Demand is one of the more critical criteria for your niche store. After all, if nobody wants what you’re selling, you won’t make any money from the zero sales you’ll get. Demand can be really hard to determine, and can ebb and flow based on time of the year, and people’s interests in general. But we’ll use some real data from Google to help us out.
I rely on Google’s Keyword Tool tremendously in my day to day blogging. For example, I use Google’s keyword tool to tweak my articles for SEO and to help decide on domain name’s for blogs. We can also use it to do a little research on demand, here’s how:
- Pull up The Keyword Tool. Tip, if you sign-up for Adwords, you can access the tool without having to put the Captcha in – It’s free and you aren’t required to advertise.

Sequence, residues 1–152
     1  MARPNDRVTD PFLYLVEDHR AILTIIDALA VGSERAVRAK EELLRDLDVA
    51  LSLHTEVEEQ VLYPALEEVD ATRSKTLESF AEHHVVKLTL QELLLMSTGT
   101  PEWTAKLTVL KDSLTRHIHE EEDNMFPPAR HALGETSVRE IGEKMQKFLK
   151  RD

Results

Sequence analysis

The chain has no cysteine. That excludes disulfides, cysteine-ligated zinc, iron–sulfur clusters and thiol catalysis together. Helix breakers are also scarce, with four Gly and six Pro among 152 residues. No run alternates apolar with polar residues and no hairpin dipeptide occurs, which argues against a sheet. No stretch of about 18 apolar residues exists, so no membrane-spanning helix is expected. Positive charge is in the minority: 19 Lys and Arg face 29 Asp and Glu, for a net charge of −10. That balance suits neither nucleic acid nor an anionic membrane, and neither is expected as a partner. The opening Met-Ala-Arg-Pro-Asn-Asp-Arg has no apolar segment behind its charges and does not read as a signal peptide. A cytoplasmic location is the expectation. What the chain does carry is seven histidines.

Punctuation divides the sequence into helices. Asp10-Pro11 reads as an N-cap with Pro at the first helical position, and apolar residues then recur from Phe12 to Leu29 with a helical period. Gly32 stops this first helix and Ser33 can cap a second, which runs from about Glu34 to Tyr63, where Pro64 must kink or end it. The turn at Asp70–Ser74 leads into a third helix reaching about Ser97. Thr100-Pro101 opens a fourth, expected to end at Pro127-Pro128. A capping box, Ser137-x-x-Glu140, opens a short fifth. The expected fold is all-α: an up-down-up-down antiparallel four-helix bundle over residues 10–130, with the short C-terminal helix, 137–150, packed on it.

- In the Word or phrase field, enter your niche ideas. Keep it to basic keywords like football jersey, or model train engine.
- Press Search
- Click the Keyword Ideas tab below the Search button.
You’ll be shown a listing of keywords both the same as yours and related. Next to those keywords will be columns indicating the number of searches. The one you want to pay attention to is Global Monthly Searches. While not exact, this is pretty close to the number of people that used Google’s search engine to search for your product idea.